One of the easiest mistakes we writers make, or as least I make, is repeating an idea. Once I have told the reader “his father was working at the stove,” there is no need to say two paragraphs later, “he approached his father at the stove.” I’ve already said where he was. No need to repeat that. It only slows the reader down and causes the story to drag.
Not to mention, it insults my reader. Over-telling represents a kind of distrust and denigrates the reader’s intelligence. Unfortunately it is dangerously easy to do. Because I want to be sure my reader knows something that will later be important, I sometimes find myself telling them a second time when it comes into play later in the story. That’s insulting. It is vital to give the reader credit for having a memory. Nobody likes to be told something they already know.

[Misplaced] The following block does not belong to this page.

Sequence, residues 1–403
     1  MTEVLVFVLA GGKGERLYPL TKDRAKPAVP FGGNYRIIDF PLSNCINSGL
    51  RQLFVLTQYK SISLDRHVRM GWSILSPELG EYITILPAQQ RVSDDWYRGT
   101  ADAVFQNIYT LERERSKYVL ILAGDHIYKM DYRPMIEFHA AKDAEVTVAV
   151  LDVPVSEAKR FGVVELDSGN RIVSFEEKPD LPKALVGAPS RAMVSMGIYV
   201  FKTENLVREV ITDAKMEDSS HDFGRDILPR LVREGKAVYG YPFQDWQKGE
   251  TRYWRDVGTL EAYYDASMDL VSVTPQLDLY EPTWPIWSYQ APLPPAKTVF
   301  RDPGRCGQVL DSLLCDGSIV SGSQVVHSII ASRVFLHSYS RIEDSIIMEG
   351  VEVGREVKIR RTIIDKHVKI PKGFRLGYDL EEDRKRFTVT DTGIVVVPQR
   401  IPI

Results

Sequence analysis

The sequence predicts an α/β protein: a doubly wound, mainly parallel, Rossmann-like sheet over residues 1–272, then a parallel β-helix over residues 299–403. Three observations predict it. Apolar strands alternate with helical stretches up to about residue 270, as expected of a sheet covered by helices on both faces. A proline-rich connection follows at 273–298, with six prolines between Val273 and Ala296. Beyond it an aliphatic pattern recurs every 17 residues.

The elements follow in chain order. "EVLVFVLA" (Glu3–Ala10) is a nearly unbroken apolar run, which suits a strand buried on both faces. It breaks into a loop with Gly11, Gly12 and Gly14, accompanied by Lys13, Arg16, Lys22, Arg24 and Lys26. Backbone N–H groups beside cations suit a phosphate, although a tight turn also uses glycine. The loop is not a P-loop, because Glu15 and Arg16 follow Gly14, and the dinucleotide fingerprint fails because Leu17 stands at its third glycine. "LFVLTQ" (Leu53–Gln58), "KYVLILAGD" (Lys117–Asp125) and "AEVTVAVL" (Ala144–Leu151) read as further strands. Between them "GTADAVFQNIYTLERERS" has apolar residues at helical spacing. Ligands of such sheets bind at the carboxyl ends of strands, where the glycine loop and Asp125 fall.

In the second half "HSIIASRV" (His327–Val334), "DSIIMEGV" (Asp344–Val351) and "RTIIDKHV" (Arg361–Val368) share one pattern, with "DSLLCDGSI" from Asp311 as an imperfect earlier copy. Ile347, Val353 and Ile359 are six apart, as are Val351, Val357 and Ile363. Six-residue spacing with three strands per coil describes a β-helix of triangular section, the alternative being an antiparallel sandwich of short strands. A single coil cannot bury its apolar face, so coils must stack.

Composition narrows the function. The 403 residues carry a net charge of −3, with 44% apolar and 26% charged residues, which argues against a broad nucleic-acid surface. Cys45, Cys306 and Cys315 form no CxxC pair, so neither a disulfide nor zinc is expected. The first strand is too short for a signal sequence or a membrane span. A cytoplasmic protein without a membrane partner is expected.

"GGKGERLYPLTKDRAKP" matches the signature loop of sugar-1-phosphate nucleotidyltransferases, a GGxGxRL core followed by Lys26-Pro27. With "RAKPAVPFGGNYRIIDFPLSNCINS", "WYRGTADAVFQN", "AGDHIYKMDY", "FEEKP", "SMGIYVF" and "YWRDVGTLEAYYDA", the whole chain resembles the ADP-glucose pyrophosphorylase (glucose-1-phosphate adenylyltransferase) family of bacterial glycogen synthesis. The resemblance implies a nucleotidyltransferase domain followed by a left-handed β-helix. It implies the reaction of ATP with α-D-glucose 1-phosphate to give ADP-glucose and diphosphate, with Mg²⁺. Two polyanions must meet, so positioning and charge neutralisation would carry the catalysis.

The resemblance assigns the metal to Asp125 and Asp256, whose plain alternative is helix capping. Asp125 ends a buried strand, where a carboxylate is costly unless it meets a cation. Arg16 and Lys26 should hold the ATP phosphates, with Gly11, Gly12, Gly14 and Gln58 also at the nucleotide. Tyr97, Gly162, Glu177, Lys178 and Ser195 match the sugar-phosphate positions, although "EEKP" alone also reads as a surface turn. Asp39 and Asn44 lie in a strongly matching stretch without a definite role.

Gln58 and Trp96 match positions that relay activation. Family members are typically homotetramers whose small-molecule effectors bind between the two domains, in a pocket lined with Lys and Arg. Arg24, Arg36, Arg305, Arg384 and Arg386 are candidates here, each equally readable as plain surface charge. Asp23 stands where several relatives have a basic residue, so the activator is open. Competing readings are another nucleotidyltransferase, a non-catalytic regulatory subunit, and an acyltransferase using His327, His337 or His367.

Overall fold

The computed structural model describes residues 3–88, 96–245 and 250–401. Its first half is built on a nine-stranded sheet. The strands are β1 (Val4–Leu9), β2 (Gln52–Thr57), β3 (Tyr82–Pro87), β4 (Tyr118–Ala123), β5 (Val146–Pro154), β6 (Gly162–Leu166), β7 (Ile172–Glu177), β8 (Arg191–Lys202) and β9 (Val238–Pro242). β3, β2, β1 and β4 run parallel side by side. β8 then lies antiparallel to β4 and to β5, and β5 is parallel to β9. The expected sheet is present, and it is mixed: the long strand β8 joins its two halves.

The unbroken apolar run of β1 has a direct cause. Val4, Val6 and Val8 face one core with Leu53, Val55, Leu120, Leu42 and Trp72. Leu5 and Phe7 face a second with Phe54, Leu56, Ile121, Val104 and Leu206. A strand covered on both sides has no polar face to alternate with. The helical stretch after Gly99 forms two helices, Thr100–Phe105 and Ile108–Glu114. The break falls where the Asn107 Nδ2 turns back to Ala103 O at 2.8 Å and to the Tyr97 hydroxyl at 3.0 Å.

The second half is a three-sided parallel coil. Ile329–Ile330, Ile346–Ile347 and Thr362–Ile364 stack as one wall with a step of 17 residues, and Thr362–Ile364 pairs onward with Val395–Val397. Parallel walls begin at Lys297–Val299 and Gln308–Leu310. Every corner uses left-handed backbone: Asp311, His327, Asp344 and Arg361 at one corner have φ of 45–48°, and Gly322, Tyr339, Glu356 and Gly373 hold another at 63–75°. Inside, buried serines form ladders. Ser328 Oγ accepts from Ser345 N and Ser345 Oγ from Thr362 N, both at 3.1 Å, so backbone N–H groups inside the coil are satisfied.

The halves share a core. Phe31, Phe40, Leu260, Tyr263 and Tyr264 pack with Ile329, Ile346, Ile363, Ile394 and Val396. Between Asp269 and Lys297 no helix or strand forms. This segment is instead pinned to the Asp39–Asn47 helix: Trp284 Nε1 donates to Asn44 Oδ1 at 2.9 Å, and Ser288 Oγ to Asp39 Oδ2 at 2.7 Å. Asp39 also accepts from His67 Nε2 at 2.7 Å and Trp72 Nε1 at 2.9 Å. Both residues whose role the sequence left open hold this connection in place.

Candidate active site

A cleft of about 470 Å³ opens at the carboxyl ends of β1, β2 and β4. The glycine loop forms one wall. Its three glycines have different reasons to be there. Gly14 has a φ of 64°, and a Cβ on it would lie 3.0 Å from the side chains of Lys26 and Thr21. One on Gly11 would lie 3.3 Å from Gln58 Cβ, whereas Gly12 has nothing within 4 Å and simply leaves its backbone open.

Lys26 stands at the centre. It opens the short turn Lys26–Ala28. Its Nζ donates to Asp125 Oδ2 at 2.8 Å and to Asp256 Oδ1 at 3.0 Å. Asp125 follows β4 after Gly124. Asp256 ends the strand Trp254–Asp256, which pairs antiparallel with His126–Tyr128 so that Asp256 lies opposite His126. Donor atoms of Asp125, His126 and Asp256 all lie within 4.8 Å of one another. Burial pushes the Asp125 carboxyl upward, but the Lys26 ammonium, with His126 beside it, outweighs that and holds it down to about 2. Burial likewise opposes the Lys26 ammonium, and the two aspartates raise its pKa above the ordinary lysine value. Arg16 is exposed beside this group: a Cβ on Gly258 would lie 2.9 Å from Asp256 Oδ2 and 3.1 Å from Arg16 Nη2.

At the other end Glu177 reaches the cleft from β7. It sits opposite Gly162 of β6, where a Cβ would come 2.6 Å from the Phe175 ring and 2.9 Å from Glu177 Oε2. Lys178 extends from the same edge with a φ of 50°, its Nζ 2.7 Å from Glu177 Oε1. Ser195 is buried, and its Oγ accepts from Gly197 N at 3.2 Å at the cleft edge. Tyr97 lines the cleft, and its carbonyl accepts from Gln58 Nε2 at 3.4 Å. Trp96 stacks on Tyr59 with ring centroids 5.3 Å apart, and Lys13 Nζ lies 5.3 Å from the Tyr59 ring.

There is tremendous value to foreshadowing. You drop in a seemingly trivial item earlier in the story and then use that tidbit later as a piece of something important. The reader then thinks “Aha, I know about that!” But just don’t retell them as if it were a new element. Accept what you’ve told them earlier and move on from there.